Olmer and the other three guilty parties were allowed to go, with electronic location monitoring ordered for each of them in advance of their sentencing on July 1.
At 5:15 p.m., court was adjourned, five weeks after the trial opened.
Tuesday’s proceedings followed a day in which the jury signaled it was grappling with the central question surrounding Rabbi Avigdor’s defense: Was he a full-fledged conspirator in a multi-million-dollar mortgage fraud scheme, or simply a lousy lawyer?
A note came out from the deliberation room Tuesday with three questions indicating jurors were pondering that question.
On Monday, the third day of jury deliberations, the five defendants spent the day waiting. A verdict never came.
What did come, at 3:25 p.m., was single piece of paper from the jury containing technical questions on whether certain actions by a not-so-hypothetical “settlement agent” show “bad purpose” or fulfill elements of a wire fraud charge.
The questions were a clear reference to Avigdor, who acted as a settlement agent on over a dozen phony mortgages. Government prosecutors say he knowingly signed off as an attorney on federally backed mortgage loan applications, then funneled money through a special account, making transfers that were never recorded on the official “HUD-1” forms. Avigdor and his defense attorney, Howard Lawrence, say the rabbi was simply doing what his clients asked of him and didn’t know he was playing a role in anything illegal.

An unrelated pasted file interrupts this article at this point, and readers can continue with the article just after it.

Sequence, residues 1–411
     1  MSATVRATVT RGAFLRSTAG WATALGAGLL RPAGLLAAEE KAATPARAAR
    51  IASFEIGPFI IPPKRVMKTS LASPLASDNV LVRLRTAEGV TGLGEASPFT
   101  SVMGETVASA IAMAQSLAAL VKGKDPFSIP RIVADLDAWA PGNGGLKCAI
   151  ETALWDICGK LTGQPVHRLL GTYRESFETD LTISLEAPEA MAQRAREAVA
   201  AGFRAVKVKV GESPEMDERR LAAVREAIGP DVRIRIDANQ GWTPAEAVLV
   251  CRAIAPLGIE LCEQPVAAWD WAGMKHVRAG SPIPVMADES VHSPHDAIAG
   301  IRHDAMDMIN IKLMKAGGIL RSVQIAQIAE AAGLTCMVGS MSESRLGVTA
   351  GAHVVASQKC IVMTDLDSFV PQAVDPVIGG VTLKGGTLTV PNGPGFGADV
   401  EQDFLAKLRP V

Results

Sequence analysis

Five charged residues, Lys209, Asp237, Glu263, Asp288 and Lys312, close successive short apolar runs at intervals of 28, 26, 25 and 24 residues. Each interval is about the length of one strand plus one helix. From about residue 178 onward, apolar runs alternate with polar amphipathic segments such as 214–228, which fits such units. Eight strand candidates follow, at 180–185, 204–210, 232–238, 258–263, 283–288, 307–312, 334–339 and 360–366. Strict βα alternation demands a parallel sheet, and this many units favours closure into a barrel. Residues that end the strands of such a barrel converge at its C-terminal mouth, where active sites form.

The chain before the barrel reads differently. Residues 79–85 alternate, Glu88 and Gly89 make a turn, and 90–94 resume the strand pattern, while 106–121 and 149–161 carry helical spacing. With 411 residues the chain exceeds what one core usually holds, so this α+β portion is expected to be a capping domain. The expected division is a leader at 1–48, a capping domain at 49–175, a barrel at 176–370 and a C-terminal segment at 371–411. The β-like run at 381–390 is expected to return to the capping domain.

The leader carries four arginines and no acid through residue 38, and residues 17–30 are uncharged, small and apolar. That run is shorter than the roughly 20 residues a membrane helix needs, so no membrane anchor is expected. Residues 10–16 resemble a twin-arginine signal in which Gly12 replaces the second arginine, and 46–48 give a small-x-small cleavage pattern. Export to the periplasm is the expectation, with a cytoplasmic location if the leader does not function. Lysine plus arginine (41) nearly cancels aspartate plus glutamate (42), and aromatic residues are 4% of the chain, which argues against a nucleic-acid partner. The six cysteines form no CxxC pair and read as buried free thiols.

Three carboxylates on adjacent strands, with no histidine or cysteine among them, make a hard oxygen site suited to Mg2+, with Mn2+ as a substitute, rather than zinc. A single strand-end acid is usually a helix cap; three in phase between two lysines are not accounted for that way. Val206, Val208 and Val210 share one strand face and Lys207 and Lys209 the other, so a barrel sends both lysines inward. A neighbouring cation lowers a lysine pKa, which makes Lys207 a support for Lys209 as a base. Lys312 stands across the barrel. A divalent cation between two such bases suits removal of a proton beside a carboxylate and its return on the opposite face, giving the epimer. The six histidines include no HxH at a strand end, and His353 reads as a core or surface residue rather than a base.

After some discussion with attorneys Monday, Judge Thompson declined to answer the jury’s questions directly. He opted instead to refer jurors to—and read aloud to them—certain sections of their instructions for deliberation.
After delivering a few lines of Shakespeare to the wood-paneled courtroom, Lawrence said later that if the jury answers its own questions as the law requires it to, it would find Avigdor not guilty.
The Note Doth Tell
Defendants and their lawyers spent much of Monday “pacing the hallway like an expectant father,” as defense attorney Matt Corrente put it.
Many had expected the jury to deliver a verdict last week, or at least before lunch on Monday. The jury’s labor has gone long past its due date.
The wait caused one attorney to wax poetic.
”“Tomorrow and tomorrow and tomorrow, creeps in this petty pace from day to day, to the last syllable of recorded time,’” Lawrence announced Monday morning, as he entered stage left into the hallway outside the courtroom.
After his soliloquy, Lawrence sat in a chair next to Olmer, chatting about the practice of law. Olmer was planted for the day next to one of the doors to the courtroom, where he completed two photocopied crossword puzzles over the morning and afternoon, including the one from the Sunday New York Times Magazine.
The day ticked by slowly until 3:25 p.m., when a stirring in the courtroom indicated that the jury had delivered a note. The missive listed three questions written in loopy handwriting: